Once you know you are pregnant, thousand foods suddenly become prohibited to eat. The problem is, while some restrictions like raw fish make sense, nothing good can ever come out of abstaining from healthy fruits like mangoes! Read on to know how this yummy fruit got its bad rep and its benefits.
Nutritional Profile of Mango
Mangoes are low in calories and high in fibre. They have high amounts of vitamins C, B6, and A, along with iron and folates. Mangoes also have smaller amounts of zinc, vitamin E and calcium. They are also a great source of anti-oxidants. Mangoes have held special interest among healthy eaters because of the unique phytochemicals like mangiferin and gallotannins. 2 x 2 slices of mango provides you 11g of natural sugar, 53 calories with around 2g of fibre.
Health benefits of Mango during Pregnancy
Morning sickness can be soothed with the delicious taste of fresh mangoes. The Vitamin B6 in mangoes helps keep away morning sickness and nausea. Also, the electrolytes like magnesium, sodium, potassium and calcium helps you feel refreshed and balance your body fluid after vomiting.
A study by the Journal of Nutrition who tested obese mice with a mango rich diet found that the mice had improved gut flora after the addition of mango. Also, a later 2018 study showed that people suffering from chronic constipation saw significant improvement in their bowel movements after given mango regularly in for 4 weeks. The high fibre content along with other compounds helps regular bowel movements.
Up to 16% of babies are born preemies, before completing 37 weeks. Having mangoes regularly fortifies the mother with around 80 mg of vitamin C, which helps strengthen the amniotic layers and membranes, preventing preterm birth. Also, the potassium is essential for regulating water retention, preventing edema.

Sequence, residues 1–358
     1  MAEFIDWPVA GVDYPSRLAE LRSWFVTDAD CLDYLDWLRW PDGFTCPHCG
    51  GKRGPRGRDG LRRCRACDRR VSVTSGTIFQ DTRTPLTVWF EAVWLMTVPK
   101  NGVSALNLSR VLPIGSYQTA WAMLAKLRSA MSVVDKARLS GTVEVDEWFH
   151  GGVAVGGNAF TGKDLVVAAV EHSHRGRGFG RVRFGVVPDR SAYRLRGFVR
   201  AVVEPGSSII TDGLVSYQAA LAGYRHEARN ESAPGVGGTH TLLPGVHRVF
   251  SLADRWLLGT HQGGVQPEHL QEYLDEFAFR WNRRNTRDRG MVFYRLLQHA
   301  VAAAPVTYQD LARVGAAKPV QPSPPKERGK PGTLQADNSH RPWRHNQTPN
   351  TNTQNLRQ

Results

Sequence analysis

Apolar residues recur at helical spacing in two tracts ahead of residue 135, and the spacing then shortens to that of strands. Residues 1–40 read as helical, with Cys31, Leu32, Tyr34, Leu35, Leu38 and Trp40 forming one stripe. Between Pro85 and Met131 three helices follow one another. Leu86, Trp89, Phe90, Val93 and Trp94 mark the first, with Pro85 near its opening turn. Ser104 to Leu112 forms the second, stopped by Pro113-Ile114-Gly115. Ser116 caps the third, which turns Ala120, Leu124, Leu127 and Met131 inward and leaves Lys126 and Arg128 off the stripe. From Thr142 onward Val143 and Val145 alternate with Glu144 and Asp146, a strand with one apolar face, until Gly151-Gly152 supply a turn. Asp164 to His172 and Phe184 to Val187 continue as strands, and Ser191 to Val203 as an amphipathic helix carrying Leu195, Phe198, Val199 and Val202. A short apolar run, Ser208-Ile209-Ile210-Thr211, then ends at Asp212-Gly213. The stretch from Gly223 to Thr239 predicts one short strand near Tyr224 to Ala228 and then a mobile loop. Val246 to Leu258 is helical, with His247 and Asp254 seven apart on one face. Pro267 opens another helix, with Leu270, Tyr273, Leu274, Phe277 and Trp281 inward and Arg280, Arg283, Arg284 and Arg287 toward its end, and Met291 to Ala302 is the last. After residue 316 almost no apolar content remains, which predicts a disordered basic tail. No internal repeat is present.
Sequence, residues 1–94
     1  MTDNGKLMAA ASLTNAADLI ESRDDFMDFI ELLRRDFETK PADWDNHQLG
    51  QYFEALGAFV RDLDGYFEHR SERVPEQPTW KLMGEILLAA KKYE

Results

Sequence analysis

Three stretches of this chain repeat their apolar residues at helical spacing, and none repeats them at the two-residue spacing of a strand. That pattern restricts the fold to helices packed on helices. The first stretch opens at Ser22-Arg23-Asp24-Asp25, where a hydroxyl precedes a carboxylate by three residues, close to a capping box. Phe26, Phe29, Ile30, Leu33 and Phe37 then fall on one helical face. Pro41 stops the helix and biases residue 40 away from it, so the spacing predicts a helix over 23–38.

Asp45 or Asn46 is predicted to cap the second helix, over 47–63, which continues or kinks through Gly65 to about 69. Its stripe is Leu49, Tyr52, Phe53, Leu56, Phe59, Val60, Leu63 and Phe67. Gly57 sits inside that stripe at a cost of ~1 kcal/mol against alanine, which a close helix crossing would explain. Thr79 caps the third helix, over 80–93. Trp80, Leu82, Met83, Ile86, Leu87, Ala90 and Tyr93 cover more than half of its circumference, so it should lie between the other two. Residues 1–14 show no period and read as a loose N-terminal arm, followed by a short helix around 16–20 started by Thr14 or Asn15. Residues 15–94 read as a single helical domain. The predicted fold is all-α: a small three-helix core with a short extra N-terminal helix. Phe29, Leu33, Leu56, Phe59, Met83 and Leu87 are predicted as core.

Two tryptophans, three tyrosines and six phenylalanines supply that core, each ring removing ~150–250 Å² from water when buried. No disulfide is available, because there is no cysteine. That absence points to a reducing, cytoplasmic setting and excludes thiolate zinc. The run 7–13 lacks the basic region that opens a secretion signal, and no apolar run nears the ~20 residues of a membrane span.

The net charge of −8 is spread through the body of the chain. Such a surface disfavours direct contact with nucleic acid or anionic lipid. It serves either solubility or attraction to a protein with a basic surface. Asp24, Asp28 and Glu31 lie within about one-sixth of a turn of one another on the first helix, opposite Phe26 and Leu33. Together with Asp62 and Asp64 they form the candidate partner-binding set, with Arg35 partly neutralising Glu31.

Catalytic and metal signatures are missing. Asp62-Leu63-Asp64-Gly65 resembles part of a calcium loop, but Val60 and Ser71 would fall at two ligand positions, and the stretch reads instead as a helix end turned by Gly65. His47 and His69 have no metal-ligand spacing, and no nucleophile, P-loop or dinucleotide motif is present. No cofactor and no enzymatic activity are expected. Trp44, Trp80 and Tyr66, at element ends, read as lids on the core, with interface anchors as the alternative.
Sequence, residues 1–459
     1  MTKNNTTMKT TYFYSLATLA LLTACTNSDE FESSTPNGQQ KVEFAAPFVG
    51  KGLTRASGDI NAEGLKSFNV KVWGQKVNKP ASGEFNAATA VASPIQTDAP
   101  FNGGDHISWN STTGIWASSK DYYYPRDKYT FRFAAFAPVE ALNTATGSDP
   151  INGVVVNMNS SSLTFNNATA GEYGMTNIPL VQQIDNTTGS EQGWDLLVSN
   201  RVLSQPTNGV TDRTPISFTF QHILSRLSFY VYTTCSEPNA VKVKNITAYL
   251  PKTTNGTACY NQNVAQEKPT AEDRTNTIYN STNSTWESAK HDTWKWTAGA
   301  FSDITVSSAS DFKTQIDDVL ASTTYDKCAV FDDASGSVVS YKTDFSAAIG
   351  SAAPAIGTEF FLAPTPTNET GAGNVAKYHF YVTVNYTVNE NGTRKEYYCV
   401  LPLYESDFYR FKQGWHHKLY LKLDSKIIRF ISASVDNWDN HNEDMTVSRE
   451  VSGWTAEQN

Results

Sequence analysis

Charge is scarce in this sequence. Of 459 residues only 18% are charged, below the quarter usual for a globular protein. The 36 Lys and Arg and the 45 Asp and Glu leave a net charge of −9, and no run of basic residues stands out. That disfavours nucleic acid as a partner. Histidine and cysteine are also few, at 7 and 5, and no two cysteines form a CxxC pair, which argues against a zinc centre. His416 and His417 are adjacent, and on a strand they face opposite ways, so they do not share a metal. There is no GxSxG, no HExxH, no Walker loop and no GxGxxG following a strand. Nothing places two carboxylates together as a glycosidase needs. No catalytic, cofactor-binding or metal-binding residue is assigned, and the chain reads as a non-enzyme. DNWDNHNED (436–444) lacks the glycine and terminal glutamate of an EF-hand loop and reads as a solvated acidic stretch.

The phytochemical present in mangoes offer gastro protective effects, reducing inflammation and oxidation along the digestive tract. Mangoes can be beneficial in healing ulcers and easing digestion when you are pregnant.
The folic acid in mangoes helps the development of nervous system in the growing baby. The Vitamin A (beta carotene) in mangoes helps embryonic growth, promoting healthy placenta and healthy ocular development in the baby. The copper in mangoes promotes healthy bone formation in growing foetus. The folic acid content helps the development of necessary brain, nervous system and spinal cord. Mangoes can prevent spina bifida in unborn babies.
Skin and hair
Mangoes have good amounts of Vitamins C and A.
Vitamin C plays an important role in collagen production. Collagen is the element that gives our skin its youthful elasticity, minimizing wrinkles and fine lines. Vitamin C is also an anti-oxidant that promotes wound healing. It also helps absorption of iron, which is essential for hair growth.
Also, the Vitamin A in mangoes helps regulate oil production to moisturise our scalp and skin.
The combination of iron and vitamin C that helps iron absorption helps boost up red blood cells in pregnancy. Anaemia is a common occurrence that troubles many women during pregnancy – including mangoes regularly in your diet can help prevent anaemia.
The special phytochemical called mangiferin present in mangoes has heart protective effects, including reducing inflammation. The fibres and beta carotene are beneficial in lowering blood pressure during pregnancy.
The magnesium in mangoes helps prevent preeclampsia and also helps in its treatment.
Why were mangoes blacklisted?